Driven by the need to serve remote communities far from its International Field Research & Education Centre in Otjiwarongo, the Cheetah Conservation Fund (CCF) established a field base in the eastern part of Namibia.
Both CCF research and farmer reports indicate a decline of cheetahs in the country. CCF attributes this decline to multiple factors, including bush encroachment in the north central parts of the country, fragmented habitat, and an increased number of leopards which dominate cheetahs and thus push them out of their territories.
Located in Gobabis, the main farming town in the Omaheke Region, the field station is strategically situated with accessibility to the surrounding farms as well as the Otjinene and Okakarara communal communities. The focal areas border one another and consist of freehold, resettled and communal farms. The new extension of CCFs presence in Namibia is known as CCF East – Carnivore Conflict Field Station.
From this location, CCF will provide immediate support to farmers in response and advice as well as looking at management strategies to reduce conflict and encourage co-existence. CCF teams have built relationships with farmers in these areas and have begun ecological research on carnivores to help farming communities develop a better understanding of livestock, wildlife and rangeland management. This knowledge will help inform farmers and stakeholders to come up with solutions and create a balance between wildlife and livestock farming. CCF’s environmental education programme for schools will soon be more active from this location.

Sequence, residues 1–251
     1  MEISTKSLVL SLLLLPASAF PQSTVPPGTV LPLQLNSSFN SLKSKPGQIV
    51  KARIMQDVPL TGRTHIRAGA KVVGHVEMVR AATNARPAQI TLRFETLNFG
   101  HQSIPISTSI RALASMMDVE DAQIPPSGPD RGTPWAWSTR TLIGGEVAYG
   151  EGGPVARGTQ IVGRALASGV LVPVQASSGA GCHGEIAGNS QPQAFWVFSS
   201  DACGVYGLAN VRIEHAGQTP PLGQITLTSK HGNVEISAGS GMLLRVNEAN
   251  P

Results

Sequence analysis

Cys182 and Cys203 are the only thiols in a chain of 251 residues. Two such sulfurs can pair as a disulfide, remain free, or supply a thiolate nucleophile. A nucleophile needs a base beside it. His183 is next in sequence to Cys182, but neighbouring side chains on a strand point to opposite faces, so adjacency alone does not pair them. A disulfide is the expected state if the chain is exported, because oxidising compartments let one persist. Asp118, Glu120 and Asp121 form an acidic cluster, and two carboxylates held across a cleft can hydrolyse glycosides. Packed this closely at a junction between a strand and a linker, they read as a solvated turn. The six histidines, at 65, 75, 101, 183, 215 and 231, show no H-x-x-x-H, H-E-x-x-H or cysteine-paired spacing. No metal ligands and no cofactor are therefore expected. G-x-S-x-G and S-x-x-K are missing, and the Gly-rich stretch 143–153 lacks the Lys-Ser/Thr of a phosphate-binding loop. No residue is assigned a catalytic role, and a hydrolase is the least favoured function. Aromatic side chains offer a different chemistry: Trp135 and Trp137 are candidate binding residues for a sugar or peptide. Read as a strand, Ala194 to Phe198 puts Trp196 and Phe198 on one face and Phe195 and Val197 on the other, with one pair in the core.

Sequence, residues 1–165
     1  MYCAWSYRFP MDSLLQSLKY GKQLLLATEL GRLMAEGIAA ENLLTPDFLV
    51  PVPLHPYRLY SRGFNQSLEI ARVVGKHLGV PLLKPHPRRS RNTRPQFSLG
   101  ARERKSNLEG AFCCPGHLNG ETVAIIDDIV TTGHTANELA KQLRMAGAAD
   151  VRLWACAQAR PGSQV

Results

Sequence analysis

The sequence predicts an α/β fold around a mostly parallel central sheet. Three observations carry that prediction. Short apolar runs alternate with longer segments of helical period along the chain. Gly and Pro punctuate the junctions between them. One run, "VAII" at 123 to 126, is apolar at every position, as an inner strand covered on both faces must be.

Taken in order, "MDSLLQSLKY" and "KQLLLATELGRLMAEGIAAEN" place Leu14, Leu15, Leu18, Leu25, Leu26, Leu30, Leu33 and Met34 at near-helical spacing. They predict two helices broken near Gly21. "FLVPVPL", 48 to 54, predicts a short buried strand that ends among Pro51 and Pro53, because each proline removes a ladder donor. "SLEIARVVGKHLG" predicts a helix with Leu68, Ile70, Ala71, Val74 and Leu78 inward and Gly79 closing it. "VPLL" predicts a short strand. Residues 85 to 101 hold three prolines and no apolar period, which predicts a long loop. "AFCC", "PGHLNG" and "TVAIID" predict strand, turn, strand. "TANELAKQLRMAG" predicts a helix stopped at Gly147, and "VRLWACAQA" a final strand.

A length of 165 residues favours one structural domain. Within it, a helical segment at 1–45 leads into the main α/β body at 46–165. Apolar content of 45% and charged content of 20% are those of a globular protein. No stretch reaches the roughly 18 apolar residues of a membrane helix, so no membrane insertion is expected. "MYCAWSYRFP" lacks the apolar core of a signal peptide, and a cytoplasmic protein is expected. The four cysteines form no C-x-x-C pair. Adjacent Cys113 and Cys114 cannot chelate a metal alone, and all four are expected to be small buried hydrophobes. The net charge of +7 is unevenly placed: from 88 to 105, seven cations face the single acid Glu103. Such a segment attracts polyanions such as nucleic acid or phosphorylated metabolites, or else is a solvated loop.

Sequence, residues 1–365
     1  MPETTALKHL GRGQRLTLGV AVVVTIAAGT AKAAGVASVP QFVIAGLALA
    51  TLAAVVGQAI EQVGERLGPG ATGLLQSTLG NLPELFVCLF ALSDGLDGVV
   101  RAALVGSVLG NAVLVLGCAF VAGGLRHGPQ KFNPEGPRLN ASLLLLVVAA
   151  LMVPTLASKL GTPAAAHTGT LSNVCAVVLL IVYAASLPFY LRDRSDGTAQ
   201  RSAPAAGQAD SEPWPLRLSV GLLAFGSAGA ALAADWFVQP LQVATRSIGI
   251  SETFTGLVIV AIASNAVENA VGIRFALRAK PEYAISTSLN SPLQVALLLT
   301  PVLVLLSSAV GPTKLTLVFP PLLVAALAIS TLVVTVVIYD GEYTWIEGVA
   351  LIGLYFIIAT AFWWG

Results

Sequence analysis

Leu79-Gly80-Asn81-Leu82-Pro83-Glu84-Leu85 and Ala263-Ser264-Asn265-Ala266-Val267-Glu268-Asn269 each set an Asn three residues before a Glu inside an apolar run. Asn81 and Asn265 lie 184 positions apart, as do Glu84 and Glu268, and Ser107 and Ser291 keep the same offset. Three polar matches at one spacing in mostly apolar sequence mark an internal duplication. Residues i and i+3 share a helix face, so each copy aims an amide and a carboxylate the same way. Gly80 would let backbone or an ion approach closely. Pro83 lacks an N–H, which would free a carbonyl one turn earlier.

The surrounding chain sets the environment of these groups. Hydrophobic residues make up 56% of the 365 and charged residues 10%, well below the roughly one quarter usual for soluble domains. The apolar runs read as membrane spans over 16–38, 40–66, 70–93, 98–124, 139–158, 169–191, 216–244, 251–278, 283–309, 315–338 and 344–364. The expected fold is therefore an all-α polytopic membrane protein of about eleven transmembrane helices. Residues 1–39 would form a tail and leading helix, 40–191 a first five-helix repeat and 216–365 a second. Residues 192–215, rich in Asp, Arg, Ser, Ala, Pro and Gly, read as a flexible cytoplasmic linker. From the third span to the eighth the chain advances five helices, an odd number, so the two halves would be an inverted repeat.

CCF decided to create a base in the east after noticing an increase in conflict with livestock and game farmers towards both cheetahs and African Wild Dogs due to severe drought during the past couple of years, which in 2019, Namibia’s President, His Excellency Dr. Hage Geingob, declared as a National State of Emergency. Livestock in particular have been severely affected as they have had to look for grazing further away from protective kraals and homesteads and in a weakened state have become easier targets for predators.
CCF also mans a 24-hour farmer support hotline implemented by the Large Carnivore Association of Namibia, of which CCF is a founding member, offering advice and a network of partner organisations also available to assist with HWC in different regions. The public is encouraged to use the hotline services on: +264 81 227 5139